When will the ‘war on terror’ become the ‘war on hypocrisy’?

The battle for Fallujah has begun in earnest now that the U.S. election is in the ‘win column’ for the Bush Republicans. Is it a coincidence that “Operation New Dawn”, what most believe will be a blood-bath, was put off until after November 2? I think not.

Among the many things the election showed is that the American voter can be distracted domestically by ‘moral issues’ in sufficient numbers to avoid a critical examination of what is going on in Iraq, and elsewhere, under the Bush Doctrine of fundamentalism – a doctrine which, while espousing fundamentalist views of its own, decries the fundamentalism of its challengers (anyone, American or otherwise, who balks at the simplistic “You’re either with us or against us” challenge).

George Orwell and Margaret Atwood were more accurate in their science fiction than either would have wished.

Iraq aside Bush & Co., under the stealth-like guidance of Carl Rove and Ralph Reed, successfully mobilised Catholics and conservative evangelicals to elect Republicans who equate the fight for equal marriage rights for same-sex couples with an erosion of America’s moral fibre almost as if uncommited, unrecognised relationships would be more palatable. (I say ‘ almost’ since the blustery Rev. Jerry Falwell was at great pains to tell a CNN interviewer that the only hope for gays and lesbians was to renounce our ‘lifestyle’ and accept Christ – more than suggesting that being gay and Christian are contradictory.)

This is the same Bush gang which, while paying lip service to the AIDS crisis in Africa, discourages HIV prevention measures that include condoms and female reproductive choice – opting, instead, for the naive ‘abstinence’ and adopt-an-AIDS-orphan approach. For every suggestion that condoms promote promiscuity I suggest there is the equally absurd silent tolerance of unnecessary HIV infection and victimization of women by men exercising their patriarchal hormones.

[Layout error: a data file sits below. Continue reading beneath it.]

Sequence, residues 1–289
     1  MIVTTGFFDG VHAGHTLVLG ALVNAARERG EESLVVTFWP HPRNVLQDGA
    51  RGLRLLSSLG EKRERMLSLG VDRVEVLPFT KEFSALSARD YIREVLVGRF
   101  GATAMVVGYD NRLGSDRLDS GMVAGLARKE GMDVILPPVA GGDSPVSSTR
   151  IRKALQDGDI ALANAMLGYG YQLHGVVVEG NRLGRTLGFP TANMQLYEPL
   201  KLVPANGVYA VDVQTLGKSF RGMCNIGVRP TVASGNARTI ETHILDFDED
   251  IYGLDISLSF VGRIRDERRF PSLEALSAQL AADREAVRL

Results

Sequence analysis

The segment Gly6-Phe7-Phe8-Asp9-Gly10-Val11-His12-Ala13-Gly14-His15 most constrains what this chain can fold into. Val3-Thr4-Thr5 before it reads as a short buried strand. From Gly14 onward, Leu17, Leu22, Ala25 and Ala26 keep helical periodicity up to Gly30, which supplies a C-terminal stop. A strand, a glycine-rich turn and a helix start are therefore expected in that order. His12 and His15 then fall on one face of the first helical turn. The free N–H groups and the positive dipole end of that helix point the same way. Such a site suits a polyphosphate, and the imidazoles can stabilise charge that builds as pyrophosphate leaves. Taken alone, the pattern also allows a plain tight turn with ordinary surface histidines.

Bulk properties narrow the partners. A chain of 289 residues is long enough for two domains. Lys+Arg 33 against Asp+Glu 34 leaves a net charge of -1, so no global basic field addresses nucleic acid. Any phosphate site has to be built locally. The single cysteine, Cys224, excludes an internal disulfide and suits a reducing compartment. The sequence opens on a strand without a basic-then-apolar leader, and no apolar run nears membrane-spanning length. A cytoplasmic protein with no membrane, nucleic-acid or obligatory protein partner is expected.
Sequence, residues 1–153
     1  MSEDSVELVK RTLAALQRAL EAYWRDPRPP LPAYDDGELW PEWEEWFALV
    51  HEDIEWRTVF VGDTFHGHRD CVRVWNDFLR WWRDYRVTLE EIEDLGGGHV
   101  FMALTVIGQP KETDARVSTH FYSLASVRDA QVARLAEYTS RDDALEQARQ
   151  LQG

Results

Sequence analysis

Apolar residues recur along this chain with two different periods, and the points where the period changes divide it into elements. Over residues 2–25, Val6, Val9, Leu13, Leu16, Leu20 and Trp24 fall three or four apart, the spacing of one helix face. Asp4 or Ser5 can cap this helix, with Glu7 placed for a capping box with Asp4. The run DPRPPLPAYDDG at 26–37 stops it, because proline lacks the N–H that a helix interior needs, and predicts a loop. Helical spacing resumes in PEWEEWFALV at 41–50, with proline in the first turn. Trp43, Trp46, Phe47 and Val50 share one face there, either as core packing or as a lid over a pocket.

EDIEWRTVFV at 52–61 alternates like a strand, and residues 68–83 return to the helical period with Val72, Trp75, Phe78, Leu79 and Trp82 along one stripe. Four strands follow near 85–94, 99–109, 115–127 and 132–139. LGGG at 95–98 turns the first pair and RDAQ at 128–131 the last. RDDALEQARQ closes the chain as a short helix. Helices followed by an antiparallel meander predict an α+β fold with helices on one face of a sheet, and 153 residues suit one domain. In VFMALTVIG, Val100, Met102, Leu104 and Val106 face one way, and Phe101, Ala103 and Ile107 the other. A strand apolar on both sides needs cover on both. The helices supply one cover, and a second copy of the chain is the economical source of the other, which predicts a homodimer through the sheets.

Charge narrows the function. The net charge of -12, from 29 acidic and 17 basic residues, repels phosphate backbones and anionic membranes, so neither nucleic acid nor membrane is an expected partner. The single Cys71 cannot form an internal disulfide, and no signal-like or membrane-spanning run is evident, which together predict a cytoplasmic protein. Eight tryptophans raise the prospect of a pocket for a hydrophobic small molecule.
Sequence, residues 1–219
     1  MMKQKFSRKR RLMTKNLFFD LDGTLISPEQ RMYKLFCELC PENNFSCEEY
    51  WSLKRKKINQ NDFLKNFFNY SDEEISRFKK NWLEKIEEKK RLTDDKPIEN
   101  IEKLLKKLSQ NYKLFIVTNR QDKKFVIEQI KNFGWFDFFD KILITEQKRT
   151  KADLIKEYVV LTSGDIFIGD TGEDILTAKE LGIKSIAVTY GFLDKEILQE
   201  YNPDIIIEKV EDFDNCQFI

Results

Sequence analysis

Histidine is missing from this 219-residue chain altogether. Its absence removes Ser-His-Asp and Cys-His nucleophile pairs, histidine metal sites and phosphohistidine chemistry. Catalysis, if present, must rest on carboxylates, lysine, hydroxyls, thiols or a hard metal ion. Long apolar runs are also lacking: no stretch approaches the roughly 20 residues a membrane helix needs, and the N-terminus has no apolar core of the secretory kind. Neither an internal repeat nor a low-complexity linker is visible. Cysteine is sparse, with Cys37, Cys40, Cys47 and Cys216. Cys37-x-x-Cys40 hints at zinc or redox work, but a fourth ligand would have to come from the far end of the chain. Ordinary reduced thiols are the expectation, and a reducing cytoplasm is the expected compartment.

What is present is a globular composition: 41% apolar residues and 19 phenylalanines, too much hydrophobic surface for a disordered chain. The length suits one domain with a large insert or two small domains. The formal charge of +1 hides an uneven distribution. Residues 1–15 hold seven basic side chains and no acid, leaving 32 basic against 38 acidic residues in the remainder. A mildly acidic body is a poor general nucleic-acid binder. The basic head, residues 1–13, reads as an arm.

3 thoughts on “When will the ‘war on terror’ become the ‘war on hypocrisy’?

  1. Juner

    I have to say I truly love your zeal and enthusiasm – if only more of us were so willing to stand up and try to make change for what we believe in. I would love to hear your point of view on the positives and negatives of both US presidential contenders – I am all too aware that I am missing something!

  2. Kenn Chaplin (mail: kenngc at sympatico dot ca)

    Frankly, I didn’t think either of the main contenders was a good candidate. The “middle ground”, which both parties need to court, is still more to the right than anything we Canadians would call “liberal”. Think of it – ‘health insurance for all’ was one idea indirectly rejected by voters as being too radical, i.e. too liberal or socialist. Yet to vote for someone more progressive, like Ralph Nader, would have been to vote for Bush by default.

  3. Juner

    Hmmmm. Have you ever thought of running? I’m sure they’ll drop that pesky rule about being of US birth – “Ah-nold” will talk them into it.

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